An international website dedicated to providing current information on news, reports, publications,and peer-reviewed research articles concerning alcoholism and alcohol-related problems throughout the world. Postings are provided by international contributors who monitor news, publications and research findings in their country, geographical region or program area of interest. All postings are entered without editorial or contributor opinion or comment.
For full versions of posted research articles readers are encouraged to email requests for "electronic reprints" (text file, PDF files, FAX copies) to the corresponding or lead author, who is highlighted in the posting.
Saturday, June 20, 2009
Thursday, June 18, 2009
This paper explores how collective social norms can have individual-level genetic foundation. Our study is the first we know to report a plausible link between genetically founded individual preferences in a fraction of a population and social norms governing behavior of all individuals.
As our motivating example, we focus on patterns of Excessive Drinking in Social Situations (EDSS) across Europe that are possibly triggered by genetically caused variations in personality. The genetic trait is shyness, which correlates with eye color.
The Price of Everything, The Value of Nothing: A (Truly) External Review Of BERL’s Study Of Harmful Alcohol and Drug Use
Wednesday, June 17, 2009
The Finnish Parliament on Monday approved a ten per cent increase in alcohol taxes. The higher tax rate is expected to raise alcohol prices by an average of 4.5 per cent from the beginning of October. . . . . .
Working Together to Reform the U.S. Health System
Crossing Our Lines is a bipartisan agreement for comprehensive health reform reached by Senators Howard Baker, Tom Daschle, and Bob Dole. It is the culmination of an inclusive year-and-a-half effort that included strategic outreach to key health care stakeholders, a series of state-based public policy forums, and months of personal deliberations by the Leaders.Pg. 53 Ensuring Budget Neutrality—Guarantee that the entire reform package is budget neutral by paying for the remaining cost of approximately $200 billion . . . . .
. . . . . Congress could choose from among the following proposals, or others, to offset the remaining deficit:
. . . . . Increase cigarette and alcohol taxes
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Tuesday, June 16, 2009
Neurotoxicity Research Volume 16, Number 1 / July, 2009 pp.50-59
The TaqIA single nucleotide polymorphism (SNP, rs1800497), which is located in the gene that codes for the putative kinase ANKK1 (ANKK1) near the termination codon of the D2 dopamine receptor gene (DRD2; chromosome 11q22–q23), is the most studied genetic variation in a broad range of psychiatric disorders and personality traits. A large number of individual genetic association studies have found that the TaqIA SNP is linked to alcoholism and antisocial traits.
Current data show that the TaqIA polymorphism may be a marker of both DRD2 and ANKK1 genetic variants. ANKK1 would belong to a family of kinases involved in signal transduction. This raises the question of whether signaling players intervene in the pathophysiology of psychiatric disorders. Basic research on the ANKK1 protein and its putative interaction with the D2 dopamine receptor could shed light on this issue.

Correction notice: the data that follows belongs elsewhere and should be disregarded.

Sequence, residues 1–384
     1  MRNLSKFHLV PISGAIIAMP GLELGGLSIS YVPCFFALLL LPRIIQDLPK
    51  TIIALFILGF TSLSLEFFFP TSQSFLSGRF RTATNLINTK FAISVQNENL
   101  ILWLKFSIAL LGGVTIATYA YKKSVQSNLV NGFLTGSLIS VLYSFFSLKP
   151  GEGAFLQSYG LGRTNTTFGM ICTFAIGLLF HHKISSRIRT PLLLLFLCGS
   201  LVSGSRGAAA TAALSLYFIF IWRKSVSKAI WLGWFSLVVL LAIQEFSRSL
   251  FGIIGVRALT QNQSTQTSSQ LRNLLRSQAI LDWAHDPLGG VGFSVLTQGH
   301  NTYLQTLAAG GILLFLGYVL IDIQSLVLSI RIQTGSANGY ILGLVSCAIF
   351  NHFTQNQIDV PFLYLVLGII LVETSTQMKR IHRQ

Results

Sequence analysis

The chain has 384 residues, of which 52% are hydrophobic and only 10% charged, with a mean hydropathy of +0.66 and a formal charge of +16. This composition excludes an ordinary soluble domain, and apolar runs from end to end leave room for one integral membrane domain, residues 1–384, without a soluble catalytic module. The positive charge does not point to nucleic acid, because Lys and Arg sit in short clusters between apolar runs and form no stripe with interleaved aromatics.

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Journal of Mass Spectrometry Published Online: 12 Jun 2009
A new validated method for the quantitation of the abnormal phospholipid phosphatidylethanol (PEth) - a biomarker for ethanol uptake - has been developed by LC-ESI-MS/MS following miniaturised organic solvent extraction and reversed phase chromatography with phosphatidylbutanol (PBut) as internal standard.
Because of its higher sensitivity, there is a potential to detect single heavy drinking by LC-MS/MS, when PEth is formed in very low concentrations.
This opens a new field of application of PEth to uncover single or multiple heavy drinking at a lower frequency and with a larger window of detection in blood than before by HPLC/ELSD or by use of other direct markers, e.g. ethyl glucuronide or ethyl sulfate.
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The National Youth Council of Ireland are launching a unique report tomorrow (Tuesday June 9th) at 12pm entitled “Get ‘em Young – Mapping young people’s exposure to alcohol marketing in Ireland.” The report will be launched in Buswells Hotel by Senator Joe O’Toole and will show the prevalence of alcohol marketing across the country and its impact on young people.
This report is the first of its kind in Ireland as it involves young people recording their experience of alcohol advertising and marketing in their own surroundings.
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Published: June 15, 2009
Monday, June 15, 2009
Men are worried that drinking too much alcohol will affect their appearance according to a new survey for the Know Your Limits campaign published today.
Released during Men's Health Week, the statistics show that watching the waistline is no longer only the preserve of women, with more than one in three men (37%) claiming they would reduce their drinking to cut down on the number of calories they consume. Only money-saving (44%) is a bigger incentive.
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Published Online: 11 Jun 2009